From the moment we assume that deposits will be exhausted one day, and that almost all oil, natural gas, and coal remaining in the depths of the Earth will give rise to CO2 emissions, it is possible to estimate their total volume from simple data.

According to the noted authority (BP Statistical Review of World Energy), proven hydrocarbon reserves stand at 40 years for oil, 60 for natural gas, and 120 for coal at current consumption rates. We also know that the combustion of oil currently generates 11 billion tons of CO2 per year, that of natural gas 6 billion, and that of coal 13 billion. A simple calculation then shows that the combustion of proven hydrocarbon reserves will give rise to emissions totaling nearly 2.4 trillion tons of CO2.

However, two factors must be taken into account. As everyone knows, today’s proven reserves are much lower than those that will actually be usable. The recent discovery of new techniques to exploit shale gas once again highlights this. Conversely, we realized that the quantity of CO2 emitted into the atmosphere every year was twice what we thought.

It is obviously impossible to know which of these two factors will prevail, but we can draw one conclusion for sure. The amount of CO2 in the atmosphere, currently 2.8 trillion tons, will continue to grow considerably in the decades to come. It could double during this century and there’s nothing we can do about it. This does not imply, however, that we are necessarily courting disaster.

During the time of the dinosaurs, concentrations of CO2 in the atmosphere were five times higher than what they are today, and yet life flourished on Earth. As will be shown at the end of this article, it is thus justified to question the doomsday theories that loom over our heads.

The failure of the Copenhagen Summit last December was inevitable. The purpose was to reduce global CO2 emissions and even to halve them by 2050. This was an unattainable goal, not due to lack of political will as has been proclaimed, but to purely physical reasons.

China will increase its emissions by more than half by 2020. It is continuously building one or two coal fired power plants (1000 megawatts) each week, and its fleet of cars and trucks will triple again by 2020. After becoming the world’s leading manufacturer of trucks, cars, and ships, it can also boast of an aviation industry. Is all this being done with the intention of leaving plants unused, vehicles in the garage, and planes grounded?

When one realizes that China builds 5,000 km of highways every year, that Beijing is completing its seventh beltway, and that only 300 million out of 1.4 billion Chinese now have access to a “Western” standard of living, it is understandable why the Chinese President has said that his country will not sign any commitment in Copenhagen—be it a reduction of domestic or global emissions.

The four billion inhabitants of India, Brazil, Indonesia, and the rest of the emerging world are following the same path. As a result of projects currently in progress, seen as the way out of poverty, their emissions will also increase at a very rapid pace over the decades to come. Four hundred million Indians still lack access to electricity. How could they reduce emissions that they don’t even produce? India, like China, has vast deposits of economically accessible coal because of the existence of abundant and cheap labor. We must look at reality. For them, this is the only way to produce electricity for which they have a great need at an affordable cost.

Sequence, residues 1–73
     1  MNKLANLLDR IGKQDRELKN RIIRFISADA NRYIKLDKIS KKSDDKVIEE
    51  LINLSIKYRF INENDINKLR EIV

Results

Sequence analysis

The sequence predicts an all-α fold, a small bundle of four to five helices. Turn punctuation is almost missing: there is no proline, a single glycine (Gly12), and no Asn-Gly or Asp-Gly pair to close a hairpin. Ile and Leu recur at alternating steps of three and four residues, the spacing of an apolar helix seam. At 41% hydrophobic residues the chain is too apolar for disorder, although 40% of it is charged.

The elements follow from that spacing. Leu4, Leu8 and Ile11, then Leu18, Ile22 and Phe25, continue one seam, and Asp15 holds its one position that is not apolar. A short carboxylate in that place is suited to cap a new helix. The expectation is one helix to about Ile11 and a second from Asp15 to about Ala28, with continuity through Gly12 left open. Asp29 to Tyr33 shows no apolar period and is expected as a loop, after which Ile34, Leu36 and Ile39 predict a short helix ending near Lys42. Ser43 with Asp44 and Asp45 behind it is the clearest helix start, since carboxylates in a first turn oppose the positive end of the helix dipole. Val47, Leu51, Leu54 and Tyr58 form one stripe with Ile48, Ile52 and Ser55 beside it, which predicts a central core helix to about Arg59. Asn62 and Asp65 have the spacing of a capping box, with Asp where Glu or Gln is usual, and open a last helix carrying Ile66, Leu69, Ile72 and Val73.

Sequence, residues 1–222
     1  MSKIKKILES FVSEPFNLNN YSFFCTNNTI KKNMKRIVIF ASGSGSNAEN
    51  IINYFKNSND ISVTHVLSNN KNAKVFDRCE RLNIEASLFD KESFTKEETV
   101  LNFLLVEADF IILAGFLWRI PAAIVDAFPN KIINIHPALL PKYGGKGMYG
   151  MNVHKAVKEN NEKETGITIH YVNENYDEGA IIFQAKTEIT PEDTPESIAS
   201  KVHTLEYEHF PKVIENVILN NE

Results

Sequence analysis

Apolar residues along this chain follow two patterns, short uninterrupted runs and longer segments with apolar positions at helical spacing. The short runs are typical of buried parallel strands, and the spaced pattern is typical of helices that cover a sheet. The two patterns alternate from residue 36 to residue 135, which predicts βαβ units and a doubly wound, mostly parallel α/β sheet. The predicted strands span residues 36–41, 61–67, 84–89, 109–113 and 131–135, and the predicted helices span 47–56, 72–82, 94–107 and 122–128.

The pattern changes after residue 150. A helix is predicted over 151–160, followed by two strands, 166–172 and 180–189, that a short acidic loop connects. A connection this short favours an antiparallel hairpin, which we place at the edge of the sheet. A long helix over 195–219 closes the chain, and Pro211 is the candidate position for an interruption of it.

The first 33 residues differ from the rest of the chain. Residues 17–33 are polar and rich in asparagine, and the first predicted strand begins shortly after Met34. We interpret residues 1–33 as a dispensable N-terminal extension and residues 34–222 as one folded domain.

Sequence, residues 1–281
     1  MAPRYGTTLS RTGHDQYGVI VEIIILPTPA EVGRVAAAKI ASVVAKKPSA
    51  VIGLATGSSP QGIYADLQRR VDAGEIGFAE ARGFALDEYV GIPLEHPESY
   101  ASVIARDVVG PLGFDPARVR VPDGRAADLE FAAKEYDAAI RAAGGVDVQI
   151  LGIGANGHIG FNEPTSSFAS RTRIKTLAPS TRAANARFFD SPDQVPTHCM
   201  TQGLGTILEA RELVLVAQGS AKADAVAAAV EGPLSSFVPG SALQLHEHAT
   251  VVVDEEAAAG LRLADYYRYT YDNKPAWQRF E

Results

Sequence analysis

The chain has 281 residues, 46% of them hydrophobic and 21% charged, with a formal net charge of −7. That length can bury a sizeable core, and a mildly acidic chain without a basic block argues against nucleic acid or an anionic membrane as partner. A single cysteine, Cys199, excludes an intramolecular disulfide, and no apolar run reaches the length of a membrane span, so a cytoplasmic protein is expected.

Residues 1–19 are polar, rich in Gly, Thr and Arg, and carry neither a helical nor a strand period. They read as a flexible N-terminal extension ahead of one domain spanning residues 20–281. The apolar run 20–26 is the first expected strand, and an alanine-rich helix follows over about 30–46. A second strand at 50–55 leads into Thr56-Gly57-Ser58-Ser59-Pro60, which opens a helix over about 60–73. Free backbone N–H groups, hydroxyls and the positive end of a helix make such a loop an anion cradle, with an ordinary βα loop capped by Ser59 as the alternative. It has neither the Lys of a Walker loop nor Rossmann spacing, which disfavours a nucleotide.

Despite Barack Obama’s speeches, the United States can only reduce its emissions marginally (4% as compared to 1990 at best!). American homes are twice as large as European ones, the distances to cover twice as long, and the country needs coal to make half of its electricity. As for the climate, everyone knows it is continental. Without air conditioning, the southern half of the United States would be uninhabitable. In contrast, Chicago is known to experience cold waves with temperatures dipping to around minus 27 degrees Fahrenheit. It is not surprising therefore that the potential for energy saving is limited, although not totally absent.

Finally, with one eighth of global emissions, Europe cannot do anything meaningful. Even if it were to eliminate all emissions, the impact would be minimal at the global level and quickly made up elsewhere. Who could imagine for a moment that mankind would leave the Earth’s oil, natural gas, and even coal deposits untouched? Everyone knows that they will be exhausted one day. What is not consumed by some will be consumed by others!

Efforts to reduce European CO2 emissions are as ruinous as they are futile and constitute a serious handicap in worldwide competition.

The only way to diminish CO2 emissions around the globe would be to definitively eliminate or at least reduce the extraction of oil, natural gas, or coal, which produces most of them. Who could believe it? Mankind has never drilled so many oil wells, built so many pipelines, and opened so many coal mines.

It is therefore necessary to face the facts: the objective of reducing worldwide emissions is unattainable and the concentration of CO2 in the atmosphere will continue to grow rapidly, leaving room for only two hypotheses.